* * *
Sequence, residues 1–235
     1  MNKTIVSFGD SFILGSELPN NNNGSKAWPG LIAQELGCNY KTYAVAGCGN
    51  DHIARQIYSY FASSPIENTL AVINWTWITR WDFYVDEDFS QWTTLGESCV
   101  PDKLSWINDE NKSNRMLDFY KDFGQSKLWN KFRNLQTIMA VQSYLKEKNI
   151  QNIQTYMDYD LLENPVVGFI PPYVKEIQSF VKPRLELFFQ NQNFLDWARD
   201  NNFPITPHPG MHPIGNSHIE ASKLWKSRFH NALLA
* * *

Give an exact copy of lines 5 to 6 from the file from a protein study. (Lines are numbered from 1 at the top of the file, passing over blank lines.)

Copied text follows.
   151  QNIQTYMDYD LLENPVVGFI PPYVKEIQSF VKPRLELFFQ NQNFLDWARD
   201  NNFPITPHPG MHPIGNSHIE ASKLWKSRFH NALLA